San Diego Chargers wide receiver Eric Parker is like a fine cabernet. He keeps getting better with age. Overlooked in the 2002 NFL draft, Parker made the Chargers roster right out of college after a brief stopover in Houston. He got his feet wet during his rookie campaign, playing mostly on the special teams. But with each passing year he has increased his reception total. Last year was Parker¹s best. He hauled in 57 aerials covering 725 yards and scored three touchdowns.
At an even six feet and 180 pounds, Parker looks like somebody¹s kid brother when lining up next to the behemoth NFL lineman that play with and against him every Sunday. But Parker¹s heart is enormous both on and off the field. On it, he has developed into a clutch receiver. Off of it, he has become an emerging leader among the team¹s Christian players. Parker spoke first about his religious upbringing.
³My parents always had good teachings, but they weren¹t necessarily church goers every Sunday. Something sparked that interest. It was something I was searching for. I found it and life has been a blessing ever since. When you catch that fever, you gotta go,² Parker said.
Parker caught ³the fever² during his senior year at the University of Tennessee. He might have caught it somewhat earlier had not some well-meaning people approached him in the wrong way.
³A lot of people came up to me, but they approached me the wrong way, telling me where I was going to go (to hell) as if they were so perfect. That really turned me off. My parents taught me Scripture (by example) without ever teaching me Scripture (directly).² Once Parker started reading the Bible himself, everything fell into place. ³The same principles they were teaching me were coming straight out of the Bible,² he realized.
Parker believes that the way to reach people is by taking a non-judgmental approach and by sharing one¹s testimony.
³Instead of telling me that I am going to hell, tell me what you have been through in your life and maybe then we can relate. That is what Jesus wants us to do. He blesses us with people and he wants us to be kind. Don¹t tell me what I am doing wrong. I know what I am doing wrong. Tell me what you have done and tell me how I can help you and how you can help me. That¹s what people need to understand.²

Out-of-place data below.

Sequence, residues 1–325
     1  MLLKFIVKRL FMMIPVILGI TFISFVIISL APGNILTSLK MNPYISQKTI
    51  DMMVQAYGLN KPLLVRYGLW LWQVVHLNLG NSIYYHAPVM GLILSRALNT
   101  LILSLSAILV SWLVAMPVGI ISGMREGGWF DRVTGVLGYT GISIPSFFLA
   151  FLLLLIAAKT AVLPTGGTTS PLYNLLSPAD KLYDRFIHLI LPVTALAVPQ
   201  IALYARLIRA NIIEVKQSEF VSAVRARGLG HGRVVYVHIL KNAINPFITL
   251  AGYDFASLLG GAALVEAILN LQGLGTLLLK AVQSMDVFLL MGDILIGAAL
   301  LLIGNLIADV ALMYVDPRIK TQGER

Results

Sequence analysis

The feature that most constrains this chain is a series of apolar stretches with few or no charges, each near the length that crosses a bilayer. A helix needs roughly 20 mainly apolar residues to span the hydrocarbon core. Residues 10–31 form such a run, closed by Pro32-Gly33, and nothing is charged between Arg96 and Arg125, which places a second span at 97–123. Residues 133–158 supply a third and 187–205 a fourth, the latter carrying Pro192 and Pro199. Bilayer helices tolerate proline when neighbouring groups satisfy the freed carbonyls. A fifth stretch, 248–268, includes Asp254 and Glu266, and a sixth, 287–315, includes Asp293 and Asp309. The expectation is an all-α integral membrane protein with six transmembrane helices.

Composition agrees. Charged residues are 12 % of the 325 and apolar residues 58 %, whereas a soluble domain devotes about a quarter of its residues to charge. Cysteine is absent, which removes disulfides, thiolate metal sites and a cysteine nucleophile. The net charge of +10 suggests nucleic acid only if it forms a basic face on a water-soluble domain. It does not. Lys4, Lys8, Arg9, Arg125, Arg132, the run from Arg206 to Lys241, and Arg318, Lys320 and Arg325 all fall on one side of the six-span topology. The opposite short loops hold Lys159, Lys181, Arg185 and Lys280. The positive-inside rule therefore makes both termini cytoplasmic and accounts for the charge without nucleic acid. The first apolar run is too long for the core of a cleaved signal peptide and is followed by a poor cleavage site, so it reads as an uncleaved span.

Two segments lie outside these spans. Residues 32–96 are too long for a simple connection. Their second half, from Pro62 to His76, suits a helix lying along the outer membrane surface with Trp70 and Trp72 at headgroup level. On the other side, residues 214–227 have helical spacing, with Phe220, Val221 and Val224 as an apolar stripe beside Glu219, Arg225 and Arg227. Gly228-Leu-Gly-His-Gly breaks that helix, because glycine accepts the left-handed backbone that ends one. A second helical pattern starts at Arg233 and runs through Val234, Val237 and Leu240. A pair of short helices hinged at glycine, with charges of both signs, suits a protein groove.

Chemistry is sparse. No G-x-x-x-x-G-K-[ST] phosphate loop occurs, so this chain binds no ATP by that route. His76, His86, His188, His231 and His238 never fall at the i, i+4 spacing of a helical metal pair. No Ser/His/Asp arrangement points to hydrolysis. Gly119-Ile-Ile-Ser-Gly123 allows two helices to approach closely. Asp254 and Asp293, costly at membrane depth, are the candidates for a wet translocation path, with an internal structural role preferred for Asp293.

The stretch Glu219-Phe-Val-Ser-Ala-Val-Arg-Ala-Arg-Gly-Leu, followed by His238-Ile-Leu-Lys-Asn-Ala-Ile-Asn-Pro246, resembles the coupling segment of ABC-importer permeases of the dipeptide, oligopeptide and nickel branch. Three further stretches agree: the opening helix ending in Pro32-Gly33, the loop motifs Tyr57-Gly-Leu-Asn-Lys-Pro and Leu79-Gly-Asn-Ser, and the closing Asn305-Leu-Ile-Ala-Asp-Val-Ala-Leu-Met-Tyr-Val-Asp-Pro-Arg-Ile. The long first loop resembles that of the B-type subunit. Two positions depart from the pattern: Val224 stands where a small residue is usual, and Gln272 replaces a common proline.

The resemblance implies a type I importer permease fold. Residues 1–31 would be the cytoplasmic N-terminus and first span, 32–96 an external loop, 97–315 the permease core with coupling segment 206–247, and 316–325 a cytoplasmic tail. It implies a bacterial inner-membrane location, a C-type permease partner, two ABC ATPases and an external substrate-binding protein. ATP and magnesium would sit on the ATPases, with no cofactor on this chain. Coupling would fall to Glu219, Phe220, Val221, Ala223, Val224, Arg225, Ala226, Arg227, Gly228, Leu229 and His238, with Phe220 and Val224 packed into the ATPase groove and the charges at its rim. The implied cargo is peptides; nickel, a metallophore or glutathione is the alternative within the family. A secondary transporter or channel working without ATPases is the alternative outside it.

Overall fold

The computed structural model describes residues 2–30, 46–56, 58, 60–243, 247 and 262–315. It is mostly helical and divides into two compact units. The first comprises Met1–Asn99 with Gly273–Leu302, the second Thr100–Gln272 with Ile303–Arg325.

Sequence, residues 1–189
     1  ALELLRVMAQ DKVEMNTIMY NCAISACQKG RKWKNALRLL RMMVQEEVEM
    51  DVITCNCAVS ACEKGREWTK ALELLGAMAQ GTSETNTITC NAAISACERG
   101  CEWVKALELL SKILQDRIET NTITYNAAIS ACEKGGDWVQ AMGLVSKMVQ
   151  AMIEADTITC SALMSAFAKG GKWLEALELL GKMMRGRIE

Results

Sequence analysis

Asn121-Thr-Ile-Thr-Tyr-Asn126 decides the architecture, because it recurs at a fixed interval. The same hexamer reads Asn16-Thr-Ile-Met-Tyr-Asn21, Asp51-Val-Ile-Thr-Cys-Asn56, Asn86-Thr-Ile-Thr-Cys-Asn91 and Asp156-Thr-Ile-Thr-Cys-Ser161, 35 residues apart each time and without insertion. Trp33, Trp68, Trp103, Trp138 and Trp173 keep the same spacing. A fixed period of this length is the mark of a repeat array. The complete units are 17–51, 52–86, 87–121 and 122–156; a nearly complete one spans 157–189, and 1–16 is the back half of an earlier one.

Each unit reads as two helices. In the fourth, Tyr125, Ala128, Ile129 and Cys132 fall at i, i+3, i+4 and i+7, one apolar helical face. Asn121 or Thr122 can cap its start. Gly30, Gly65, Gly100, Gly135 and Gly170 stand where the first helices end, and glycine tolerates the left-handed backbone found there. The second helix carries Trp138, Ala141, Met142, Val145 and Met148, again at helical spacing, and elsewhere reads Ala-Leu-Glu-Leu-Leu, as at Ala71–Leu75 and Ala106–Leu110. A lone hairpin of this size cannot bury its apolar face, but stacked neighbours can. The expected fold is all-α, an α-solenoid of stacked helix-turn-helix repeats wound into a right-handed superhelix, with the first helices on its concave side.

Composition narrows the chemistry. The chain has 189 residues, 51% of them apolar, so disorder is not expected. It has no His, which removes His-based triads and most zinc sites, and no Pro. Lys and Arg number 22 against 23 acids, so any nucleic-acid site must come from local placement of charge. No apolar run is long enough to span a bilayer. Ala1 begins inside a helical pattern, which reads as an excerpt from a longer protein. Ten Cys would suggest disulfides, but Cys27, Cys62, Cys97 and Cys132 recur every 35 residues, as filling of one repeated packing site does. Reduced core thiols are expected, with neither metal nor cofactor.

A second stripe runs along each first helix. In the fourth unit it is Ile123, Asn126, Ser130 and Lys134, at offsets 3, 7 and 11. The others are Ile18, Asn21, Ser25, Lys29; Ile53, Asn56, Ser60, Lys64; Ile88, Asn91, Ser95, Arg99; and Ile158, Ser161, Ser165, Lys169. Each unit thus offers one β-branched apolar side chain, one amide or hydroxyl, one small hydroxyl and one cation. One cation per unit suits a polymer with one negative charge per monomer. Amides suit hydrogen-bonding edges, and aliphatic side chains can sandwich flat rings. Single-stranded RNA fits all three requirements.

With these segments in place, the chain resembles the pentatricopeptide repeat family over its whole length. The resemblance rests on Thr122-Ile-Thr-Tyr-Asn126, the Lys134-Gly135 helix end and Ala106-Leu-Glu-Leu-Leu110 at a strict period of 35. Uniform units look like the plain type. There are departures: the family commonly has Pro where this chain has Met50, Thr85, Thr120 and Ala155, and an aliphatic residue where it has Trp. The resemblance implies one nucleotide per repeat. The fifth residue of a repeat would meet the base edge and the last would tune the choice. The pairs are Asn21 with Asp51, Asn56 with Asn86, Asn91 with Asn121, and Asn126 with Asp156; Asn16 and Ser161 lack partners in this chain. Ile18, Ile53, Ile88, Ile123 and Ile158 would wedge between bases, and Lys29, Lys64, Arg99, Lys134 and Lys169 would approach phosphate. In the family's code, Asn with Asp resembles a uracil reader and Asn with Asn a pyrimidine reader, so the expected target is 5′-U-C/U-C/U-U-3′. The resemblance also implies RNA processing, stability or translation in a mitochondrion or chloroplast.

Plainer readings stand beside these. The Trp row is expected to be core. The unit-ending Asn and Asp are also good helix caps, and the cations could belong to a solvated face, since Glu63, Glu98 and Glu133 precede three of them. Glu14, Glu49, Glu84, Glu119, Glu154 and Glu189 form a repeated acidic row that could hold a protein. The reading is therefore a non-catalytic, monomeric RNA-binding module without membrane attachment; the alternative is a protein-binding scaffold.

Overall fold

Parker considers the San Diego Charger locker room his home away from home. His is a close-knit team. And caring for one another is something that this team does well. Heading his Charger ³family² is the team¹s dynamic chaplain, Pastor Shawn Mitchell.
³Pastor Mitchell is a very energetic man and one who is full of life. He is always ready to listen to what you have to say. He is willing to open up to us and he shows us his path. He will tell us what he has gone through and how he has handled it. And he always tells us to keep our heads up because this is not the last obstacle that we are going to go through or the last glory that we are going to reach.²
Parker has found that the countless hours he spends training can sometimes be a very spiritual experience.
³My thing is working out. I find working out to be very motivational. I think it is one way of reaching your full potential. It is just you and God and through his help and your deepest desire you can achieve your full potential. You will often get guys that want to workout with you.²
Parker will sometimes use that opportunity to advise his usually younger training partners in the ways of the Lord.
³I just tell them, this is what I have been through, maybe you can take something from my life. I don¹t want to call it a ministry. It is just my way of telling them that this is what has helped me, I hope that it can help you. Just give it a try.²